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Hotmail was first introduced on July 31, 2012 when its beta version was made available to the general public. Existing Hotmail customers could freely upgrade to the preview version of Hotmail Login Page and downgrade back.

Graduated preview stage on 18 February 2013. According to Microsoft, the upgrade was deployed on April 3, 2013; the user kept their existing Hotmail accounts and received the option of having an @outlook.com email address. By May 2013,  had 400 million active users.

In May 2015, Microsoft announced it would move the service over to what it described as an Office 365-based infrastructure. This was followed in June 2015 by the introduction through an opt-in preview of new features, including new calendar layout options, a filtering service called “Clutter” and new theme designs.Microsoft also introduced the ability for third-party providers such as PayPal and Evernote to include add-ins into the service. Additionally, contact suggestions and updates from emails such as flight reservations are due to be introduced to Office 365 subscribers’ accounts and Outlook.com users’ from January and March 2016 respectively.

Similar to other major webmail services, Outlook.com uses Ajax programming techniques and supports later versions of Internet Explorer, Firefox, Safari, and Google Chrome. Some of its features include keyboard controls giving the ability to navigate around the page without using the mouse, the ability to search the user’s messages including structured query syntax such as “from:ebay”, message filters, folder-based organization of messages, auto-completion of contact addresses when composing, contact grouping, importing and exporting of contacts as CSV files, rich text formatting, rich text signatures, spam filtering and virus scanning, support for multiple addresses, and different language versions.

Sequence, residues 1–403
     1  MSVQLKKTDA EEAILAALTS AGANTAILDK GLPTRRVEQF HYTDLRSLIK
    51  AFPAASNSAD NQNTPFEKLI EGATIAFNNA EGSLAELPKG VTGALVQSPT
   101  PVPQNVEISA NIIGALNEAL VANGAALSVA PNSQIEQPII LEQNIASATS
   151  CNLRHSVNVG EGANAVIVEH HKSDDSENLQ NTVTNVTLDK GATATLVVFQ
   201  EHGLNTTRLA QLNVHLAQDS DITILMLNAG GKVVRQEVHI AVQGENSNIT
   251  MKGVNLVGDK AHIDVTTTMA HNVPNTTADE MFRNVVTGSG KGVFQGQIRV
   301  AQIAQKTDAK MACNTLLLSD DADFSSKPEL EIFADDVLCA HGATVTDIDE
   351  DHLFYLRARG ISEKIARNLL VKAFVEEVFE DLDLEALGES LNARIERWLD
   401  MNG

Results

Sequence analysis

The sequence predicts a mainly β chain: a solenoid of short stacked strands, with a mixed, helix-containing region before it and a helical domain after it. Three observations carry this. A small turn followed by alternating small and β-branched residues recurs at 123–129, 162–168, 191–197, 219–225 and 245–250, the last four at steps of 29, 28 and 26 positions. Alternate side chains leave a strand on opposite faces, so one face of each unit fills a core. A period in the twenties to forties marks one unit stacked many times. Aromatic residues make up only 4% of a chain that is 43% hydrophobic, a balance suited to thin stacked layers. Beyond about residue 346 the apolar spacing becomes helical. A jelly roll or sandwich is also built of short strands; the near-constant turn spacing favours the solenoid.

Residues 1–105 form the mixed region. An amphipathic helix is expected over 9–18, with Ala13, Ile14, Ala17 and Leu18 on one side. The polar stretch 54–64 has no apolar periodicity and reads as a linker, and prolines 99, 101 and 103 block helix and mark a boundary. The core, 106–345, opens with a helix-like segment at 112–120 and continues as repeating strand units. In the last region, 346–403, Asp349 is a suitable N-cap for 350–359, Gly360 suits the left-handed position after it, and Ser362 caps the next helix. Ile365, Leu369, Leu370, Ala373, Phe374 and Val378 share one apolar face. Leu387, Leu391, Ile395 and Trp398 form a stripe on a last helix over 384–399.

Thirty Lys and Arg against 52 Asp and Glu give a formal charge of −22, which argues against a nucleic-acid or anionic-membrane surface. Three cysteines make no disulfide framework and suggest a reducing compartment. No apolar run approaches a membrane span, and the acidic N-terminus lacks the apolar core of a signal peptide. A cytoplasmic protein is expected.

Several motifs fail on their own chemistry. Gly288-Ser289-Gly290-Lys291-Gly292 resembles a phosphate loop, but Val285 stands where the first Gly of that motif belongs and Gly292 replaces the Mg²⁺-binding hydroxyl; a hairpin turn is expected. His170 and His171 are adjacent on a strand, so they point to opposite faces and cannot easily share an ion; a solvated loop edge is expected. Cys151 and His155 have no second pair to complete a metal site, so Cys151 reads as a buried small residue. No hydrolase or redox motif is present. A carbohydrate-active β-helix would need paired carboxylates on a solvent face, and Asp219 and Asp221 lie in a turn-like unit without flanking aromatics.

The following are features in the free (and premium ad-free version of Outlook.com. One example of a feature no longer present is the ability to create custom domain names.

Has promised to respect user’s privacy, specifically targeting Gmail’s privacy practices. Outlook.com does not scan emails or attachments for advertising information and personal conversations are ad-free entirely.

In March 2014, when former Microsoft employee Alex Kibkalo was arrested for his involvement in 2012 leaking of Microsoft’s trade secrets, Microsoft came under criticism for having accessed the email inbox of his French accomplice. Critics claim these actions violate privacy laws as well as Microsoft’s own promises with regards to users’ personal information, while others have pointed out that such access is permitted under Microsoft’s privacy policies in order to “protect the rights or property of Microsoft”, that it was necessary in order to prevent a crime intended to have inflicted billions of dollars of damage, and that such action on Microsoft part is unprecedented in 18 years. In response to the criticism, Microsoft has announced that it would no longer access private account information themselves in such cases, but would instead hand the investigation over to law enforcement agencies.

Uses DMARC specifications to provide better security for message transmission and Extended Validation Certificate to secure the user’s connection with Outlook.com. On April 17, 2013, Microsoft added two step verification to Microsoft accounts, thereby by extension to

Outlook also allows for a single-use code to be used instead of a user’s password when signing into a Microsoft account. Each code can be used only one time, but one can be requested whenever needed. If a user is signing in on a public computer—such as at the library or school—using a single-use code helps keep account information secure. The single-use code is sent to the user when requested during login.

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